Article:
The following assessment principles, (Davies, 2007; Cooper, 2010) are to be considered and applied to assessment opportunities within reading.
Assessment involves a balanced approach that is planned and purposeful.
- Triangulation of data involves collecting evidence from different sources including conversations, observations, and products. This includes qualitative and quantitative assessment data.
- Assessment serves different purposes at different times.
Assessment informs instructional decisions.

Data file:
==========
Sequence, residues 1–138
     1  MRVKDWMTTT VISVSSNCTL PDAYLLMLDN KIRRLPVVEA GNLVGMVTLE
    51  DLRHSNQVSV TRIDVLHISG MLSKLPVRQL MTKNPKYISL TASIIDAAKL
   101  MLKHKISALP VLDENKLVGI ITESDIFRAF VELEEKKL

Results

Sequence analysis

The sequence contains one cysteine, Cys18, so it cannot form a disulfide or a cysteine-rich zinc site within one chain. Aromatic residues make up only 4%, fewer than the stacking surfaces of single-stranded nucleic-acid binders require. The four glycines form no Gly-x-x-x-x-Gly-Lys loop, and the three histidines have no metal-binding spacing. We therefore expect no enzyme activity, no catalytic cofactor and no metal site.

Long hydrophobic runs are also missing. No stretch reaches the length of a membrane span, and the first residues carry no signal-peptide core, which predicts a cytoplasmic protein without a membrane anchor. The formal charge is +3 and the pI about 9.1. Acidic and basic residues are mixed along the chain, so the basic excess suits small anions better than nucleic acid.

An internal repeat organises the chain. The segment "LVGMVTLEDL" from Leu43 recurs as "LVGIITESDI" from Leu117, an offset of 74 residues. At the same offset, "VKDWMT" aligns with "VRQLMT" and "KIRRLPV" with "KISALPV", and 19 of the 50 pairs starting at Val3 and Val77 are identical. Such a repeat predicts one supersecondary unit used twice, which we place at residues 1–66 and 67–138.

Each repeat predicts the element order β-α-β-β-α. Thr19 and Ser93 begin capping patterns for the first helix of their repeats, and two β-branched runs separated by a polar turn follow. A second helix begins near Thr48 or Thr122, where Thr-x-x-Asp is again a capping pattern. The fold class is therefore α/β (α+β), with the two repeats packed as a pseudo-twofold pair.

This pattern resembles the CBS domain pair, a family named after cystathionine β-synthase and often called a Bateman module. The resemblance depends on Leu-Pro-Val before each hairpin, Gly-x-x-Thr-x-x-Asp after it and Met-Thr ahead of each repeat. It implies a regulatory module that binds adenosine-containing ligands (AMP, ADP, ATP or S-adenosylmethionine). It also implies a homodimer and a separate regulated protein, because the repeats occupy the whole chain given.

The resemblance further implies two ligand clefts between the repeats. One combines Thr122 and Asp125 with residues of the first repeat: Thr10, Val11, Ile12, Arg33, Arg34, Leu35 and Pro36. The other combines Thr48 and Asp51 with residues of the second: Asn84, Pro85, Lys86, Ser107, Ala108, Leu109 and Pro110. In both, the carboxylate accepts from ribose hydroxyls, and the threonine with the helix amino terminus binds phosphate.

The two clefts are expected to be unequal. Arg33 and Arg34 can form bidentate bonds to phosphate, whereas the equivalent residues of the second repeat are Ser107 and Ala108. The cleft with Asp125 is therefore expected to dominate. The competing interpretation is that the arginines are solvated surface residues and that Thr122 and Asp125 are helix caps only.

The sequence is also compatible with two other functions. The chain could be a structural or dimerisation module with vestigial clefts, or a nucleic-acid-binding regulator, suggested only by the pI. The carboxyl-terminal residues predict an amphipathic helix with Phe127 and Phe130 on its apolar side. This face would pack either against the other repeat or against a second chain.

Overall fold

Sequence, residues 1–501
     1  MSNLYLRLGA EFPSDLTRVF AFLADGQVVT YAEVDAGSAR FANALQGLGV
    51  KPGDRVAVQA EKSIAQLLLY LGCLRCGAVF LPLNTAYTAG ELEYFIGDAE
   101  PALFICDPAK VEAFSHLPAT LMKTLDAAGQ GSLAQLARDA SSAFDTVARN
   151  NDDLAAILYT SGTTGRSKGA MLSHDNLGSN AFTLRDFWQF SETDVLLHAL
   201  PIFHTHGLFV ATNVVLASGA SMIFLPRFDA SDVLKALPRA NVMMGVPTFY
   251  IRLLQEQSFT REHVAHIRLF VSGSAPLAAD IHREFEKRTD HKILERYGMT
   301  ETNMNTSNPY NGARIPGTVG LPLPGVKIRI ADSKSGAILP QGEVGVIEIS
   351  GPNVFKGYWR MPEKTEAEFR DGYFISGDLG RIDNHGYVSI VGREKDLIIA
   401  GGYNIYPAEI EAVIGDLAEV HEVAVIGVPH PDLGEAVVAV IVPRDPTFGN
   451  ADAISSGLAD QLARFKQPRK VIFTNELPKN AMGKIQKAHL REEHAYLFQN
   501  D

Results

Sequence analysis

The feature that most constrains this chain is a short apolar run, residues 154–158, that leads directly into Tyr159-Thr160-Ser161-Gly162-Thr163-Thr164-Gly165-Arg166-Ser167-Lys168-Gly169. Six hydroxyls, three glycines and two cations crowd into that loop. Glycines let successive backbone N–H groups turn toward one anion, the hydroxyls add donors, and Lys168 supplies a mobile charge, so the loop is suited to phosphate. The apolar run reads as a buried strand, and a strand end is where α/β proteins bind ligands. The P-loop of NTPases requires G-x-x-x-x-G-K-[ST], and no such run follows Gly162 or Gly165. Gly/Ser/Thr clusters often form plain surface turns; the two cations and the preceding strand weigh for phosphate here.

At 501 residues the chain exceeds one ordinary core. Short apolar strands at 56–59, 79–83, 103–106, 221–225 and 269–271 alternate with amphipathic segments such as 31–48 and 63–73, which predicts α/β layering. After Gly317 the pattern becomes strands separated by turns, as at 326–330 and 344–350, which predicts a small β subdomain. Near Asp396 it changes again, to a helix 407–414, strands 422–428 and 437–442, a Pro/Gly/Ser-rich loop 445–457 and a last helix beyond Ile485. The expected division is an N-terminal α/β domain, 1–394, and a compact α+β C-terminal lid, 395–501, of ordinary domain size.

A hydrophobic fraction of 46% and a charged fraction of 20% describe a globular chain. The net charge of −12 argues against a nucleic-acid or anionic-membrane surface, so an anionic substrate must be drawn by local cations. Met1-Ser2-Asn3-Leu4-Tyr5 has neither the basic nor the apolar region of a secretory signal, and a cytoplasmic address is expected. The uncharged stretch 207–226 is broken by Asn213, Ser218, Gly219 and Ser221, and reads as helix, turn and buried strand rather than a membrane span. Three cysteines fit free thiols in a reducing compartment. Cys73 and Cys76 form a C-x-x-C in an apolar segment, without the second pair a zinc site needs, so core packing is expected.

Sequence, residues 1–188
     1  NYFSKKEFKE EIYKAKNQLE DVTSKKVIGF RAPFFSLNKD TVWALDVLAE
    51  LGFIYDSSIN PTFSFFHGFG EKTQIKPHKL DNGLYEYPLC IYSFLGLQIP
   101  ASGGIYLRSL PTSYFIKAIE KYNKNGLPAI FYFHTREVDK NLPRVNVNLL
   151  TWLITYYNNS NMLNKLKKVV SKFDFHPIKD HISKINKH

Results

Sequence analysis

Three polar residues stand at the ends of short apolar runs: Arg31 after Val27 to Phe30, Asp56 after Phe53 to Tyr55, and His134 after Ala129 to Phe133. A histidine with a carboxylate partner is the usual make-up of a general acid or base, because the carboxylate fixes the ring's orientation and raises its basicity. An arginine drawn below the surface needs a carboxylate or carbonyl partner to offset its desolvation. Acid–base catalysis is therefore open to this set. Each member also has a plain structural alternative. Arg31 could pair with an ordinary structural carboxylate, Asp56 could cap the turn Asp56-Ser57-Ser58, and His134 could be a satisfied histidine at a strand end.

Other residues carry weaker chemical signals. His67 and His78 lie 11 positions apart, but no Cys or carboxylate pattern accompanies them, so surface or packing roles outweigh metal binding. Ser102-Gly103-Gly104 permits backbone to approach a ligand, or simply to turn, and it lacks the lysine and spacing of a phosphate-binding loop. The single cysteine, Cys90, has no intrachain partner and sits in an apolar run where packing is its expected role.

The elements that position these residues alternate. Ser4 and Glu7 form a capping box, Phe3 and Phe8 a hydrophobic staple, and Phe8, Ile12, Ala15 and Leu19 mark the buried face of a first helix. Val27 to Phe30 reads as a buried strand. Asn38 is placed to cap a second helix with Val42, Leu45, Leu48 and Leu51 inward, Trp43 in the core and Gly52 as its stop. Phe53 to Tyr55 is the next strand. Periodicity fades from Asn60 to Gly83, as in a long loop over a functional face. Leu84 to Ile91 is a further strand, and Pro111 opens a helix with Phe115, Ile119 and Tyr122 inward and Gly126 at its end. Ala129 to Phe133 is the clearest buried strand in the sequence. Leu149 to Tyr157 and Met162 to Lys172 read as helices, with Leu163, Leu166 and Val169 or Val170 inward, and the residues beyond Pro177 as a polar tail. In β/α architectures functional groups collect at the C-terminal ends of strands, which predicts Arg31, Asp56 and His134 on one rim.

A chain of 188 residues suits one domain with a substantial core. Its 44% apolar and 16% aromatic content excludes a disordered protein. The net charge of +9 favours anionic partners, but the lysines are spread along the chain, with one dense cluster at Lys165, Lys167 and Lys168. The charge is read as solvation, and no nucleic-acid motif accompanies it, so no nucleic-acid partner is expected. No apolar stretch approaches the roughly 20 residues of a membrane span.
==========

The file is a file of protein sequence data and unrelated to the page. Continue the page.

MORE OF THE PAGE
- Assessment and instruction are inseparable.
- Information gathered through assessment informs day to day instructional decisions.
- Assessment is a collaborative process involving students, teachers, and caregivers.
- Students need to be aware of expectations and be provided with timely descriptive feedback.
- Feedback is focused on areas of strength and opportunities for growth.
- Teachers need to consider a student’s language and culture.
- Student self-assessment based on clear criteria and exemplars ensure the focus stays on learning.
Assessment begins and ends with curriculum.
- Curricular outcomes provide the starting point for instruction.
- Diagnostic assessment informs differentiation required for individual students to achieve outcomes.
- Students are aware of and help create criteria used for assessment.
- Assessment provides evidence to evaluate the achievement of outcomes.